The other night my husband came home from work and found me in the oversized chair in my toddler’s nursery. All three of my children were snuggled up on every available inch of my lap as we read an old book from my childhood. The scene was truly picture-perfect, and of course he immediately recognized it as such. Quickly, before he got the kids all riled up with tickles and games, my husband whipped out his iPhone and took a slew of pictures – a couple candid, one posed in portrait mode.
LOL just kidding of course he didn’t!
He never has, never would, and probably never will.
Like a lot of mothers out there, I’m the photographer in the family (if a person wielding a phone pointed at her children all the time constitutes a “photographer”). I take between one and 91 pictures per day, of everything from my kids doing cute/funny/weird things to them simply breathing/existing/growing hair.
Often, those photos also feature my sweet husband. I send regular batches of these photo to his parents, so over the years they’ve gotten to see their son whipping up pancakes while wearing a BabyBjorn, jumping off the dock in the summer with a 6-year-old on his back, and being gazed at adoringly by his daughter while adjusting his tie before work. When my in-laws occasionally reply “We’d love to see your face as well!” I usually respond with a dismissive “Nonsense!”
But the actual reason I don’t send pictures of myself with the children is that I don’t have any. I do my best to convince myself that I don’t really care (They’re the cute ones, not me! No one needs to be distracted by a puffy old lady in the frame!), but the truth is that I do care. And the even truthier truth is that my photograph-free existence is 100% my husband’s fault.
I mean sure, I could — and do — occasionally splurge on the services of a professional photographer friend of mine. Her pictures of our family are beautiful and I truly treasure each and every one. But that’s not the point. The point is that I wish my husband was so moved by the sight of me with our children that he would immediately want to capture the image for posterity. I wish he found the ordinary family moments as transcendently magical as I do and, like I do, wanted to make sure he could freeze them in time. The fact he doesn’t leads me to one of two conclusions, neither of which is all that heartwarming: (1) he doesn’t find the ordinary family moments transcendently magical, or, (2) he’s lazy. Take your pick!
I know I’m being a bit hard on him here. The truth is, I truly love taking pictures. I take genuine joy in documenting the ins and outs of our days, and I spend much more time with the kids than my husband does, which means there’s much more photojournalistic opportunity. Plus I love sharing the photos with my sisters, parents and friends — no gif or meme will ever be as rewarding to me as using a real-life child picture to punctuate a point. And, to be totally honest, I don’t always like looking at pictures of myself. I tend to zero in on the bags under my eyes, my roots, my double-chin. I always look so tired.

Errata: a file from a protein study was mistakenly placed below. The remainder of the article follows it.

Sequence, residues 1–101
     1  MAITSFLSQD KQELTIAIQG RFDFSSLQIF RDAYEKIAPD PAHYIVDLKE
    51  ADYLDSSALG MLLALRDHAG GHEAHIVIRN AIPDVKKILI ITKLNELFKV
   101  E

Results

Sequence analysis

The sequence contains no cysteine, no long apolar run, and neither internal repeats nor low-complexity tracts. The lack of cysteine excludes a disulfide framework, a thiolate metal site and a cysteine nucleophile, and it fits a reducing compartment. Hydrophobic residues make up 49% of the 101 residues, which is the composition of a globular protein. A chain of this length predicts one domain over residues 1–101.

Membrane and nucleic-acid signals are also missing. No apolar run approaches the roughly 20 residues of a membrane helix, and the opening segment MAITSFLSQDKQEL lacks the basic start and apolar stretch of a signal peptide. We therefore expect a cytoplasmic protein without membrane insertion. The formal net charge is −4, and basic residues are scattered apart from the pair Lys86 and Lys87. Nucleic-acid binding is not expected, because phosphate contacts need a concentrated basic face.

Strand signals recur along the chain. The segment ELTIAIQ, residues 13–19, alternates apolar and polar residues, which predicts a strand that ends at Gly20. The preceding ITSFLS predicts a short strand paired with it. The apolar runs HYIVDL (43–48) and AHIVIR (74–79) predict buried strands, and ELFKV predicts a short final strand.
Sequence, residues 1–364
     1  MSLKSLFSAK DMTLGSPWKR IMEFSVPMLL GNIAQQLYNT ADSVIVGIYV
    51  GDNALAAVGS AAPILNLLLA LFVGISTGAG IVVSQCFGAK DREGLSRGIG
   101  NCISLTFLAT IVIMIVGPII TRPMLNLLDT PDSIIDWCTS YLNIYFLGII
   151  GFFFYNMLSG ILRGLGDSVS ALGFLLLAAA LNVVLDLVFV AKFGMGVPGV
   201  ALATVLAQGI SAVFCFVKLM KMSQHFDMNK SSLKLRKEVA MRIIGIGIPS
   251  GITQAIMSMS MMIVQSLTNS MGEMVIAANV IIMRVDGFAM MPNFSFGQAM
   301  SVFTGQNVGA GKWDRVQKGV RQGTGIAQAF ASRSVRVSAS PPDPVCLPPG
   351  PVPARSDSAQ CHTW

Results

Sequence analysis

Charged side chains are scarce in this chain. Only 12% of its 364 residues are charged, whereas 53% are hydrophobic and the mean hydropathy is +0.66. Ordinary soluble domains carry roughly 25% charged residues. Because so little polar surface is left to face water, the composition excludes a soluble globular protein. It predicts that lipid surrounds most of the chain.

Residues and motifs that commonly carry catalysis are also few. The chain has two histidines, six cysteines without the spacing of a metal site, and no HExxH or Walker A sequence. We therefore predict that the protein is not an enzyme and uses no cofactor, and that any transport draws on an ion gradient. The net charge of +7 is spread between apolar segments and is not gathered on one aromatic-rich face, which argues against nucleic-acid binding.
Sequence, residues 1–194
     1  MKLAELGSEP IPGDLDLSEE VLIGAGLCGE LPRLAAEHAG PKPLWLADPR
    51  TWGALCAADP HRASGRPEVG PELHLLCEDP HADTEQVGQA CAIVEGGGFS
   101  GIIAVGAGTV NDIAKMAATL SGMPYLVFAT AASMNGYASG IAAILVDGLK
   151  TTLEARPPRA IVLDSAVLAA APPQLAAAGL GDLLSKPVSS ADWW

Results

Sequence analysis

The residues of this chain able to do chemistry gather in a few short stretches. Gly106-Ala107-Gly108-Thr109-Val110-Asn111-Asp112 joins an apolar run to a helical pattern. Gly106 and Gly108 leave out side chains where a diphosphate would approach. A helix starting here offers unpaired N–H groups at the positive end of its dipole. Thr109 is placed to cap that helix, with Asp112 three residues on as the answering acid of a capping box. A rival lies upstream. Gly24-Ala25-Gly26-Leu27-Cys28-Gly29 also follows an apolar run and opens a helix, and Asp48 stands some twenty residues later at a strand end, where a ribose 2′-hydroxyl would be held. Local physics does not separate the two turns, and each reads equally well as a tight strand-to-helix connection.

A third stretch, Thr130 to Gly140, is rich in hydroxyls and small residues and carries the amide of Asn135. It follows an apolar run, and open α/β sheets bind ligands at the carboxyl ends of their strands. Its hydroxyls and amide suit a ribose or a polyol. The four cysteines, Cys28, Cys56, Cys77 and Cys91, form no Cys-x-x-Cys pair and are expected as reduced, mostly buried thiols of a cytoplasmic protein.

Despite all this, though, it does make me sad to think of how few pictures my children will have of us together.
Throughout my own childhood, long before the dawn of iPhones, it was my father who was the photographer, forcing us to sit still for Christmas card photo-shoots and birthday party cake-poses alike. Because of this, and the beautiful albums he put together, I’m able to look over and over and over at pictures of my mother and me – or even of just my mother. I love each and every one of these photos, each and every frame. I never look at her under-eye region; I only marvel at how young, lovely and happy she always looks with a bunch of little girls piled on her lap, and how much she clearly loved us.
Given that this is one of the arenas in which my husband dramatically differs from my father (perhaps a check in the “healthy” column??), my children are at risk of not having this gift in their own lives. This breaks my heart a tiny bit for them, and I can say with complete sincerity, after multiple trips on the soul-search express, that this really is not about my own vanity. (See above re: eye-bags.)
I wish my husband would be moved to capture the beauty and charm of his wife and children in ordinary moments, but he mostly isn’t, and as a result his iPhone tends to be reserved solely for work email. (And by that I mean baseball scores.) So if I want this to change, I need to speak up. And I need to figure out how to do so in a way that doesn’t (always) translate to: “TAKE A PICTURE OF ME FOR ONCE IN YOUR GODDAMN LIFE.” Maybe I’ll try…: “Hey, handsome? I love you. Would you mind taking a quick picture of me and the babies FOR ONCE IN YOUR GODDAMN –” OK, clearly I’ll need to put some more thought into this one.
And in the meantime, I’ll dream of my new fantasy universe, where there are dozens of flattering pictures of my children and me lighting up the iCloud. In this universe, my husband will not only take but lovingly frame photos, putting duplicates in gorgeous, leather-bound volumes to be passed down to our children. Said children will look at them often, of course, and never fail to call me to marvel at how young and happy and well-rested I look.
When they do, I will smile, and tell them why: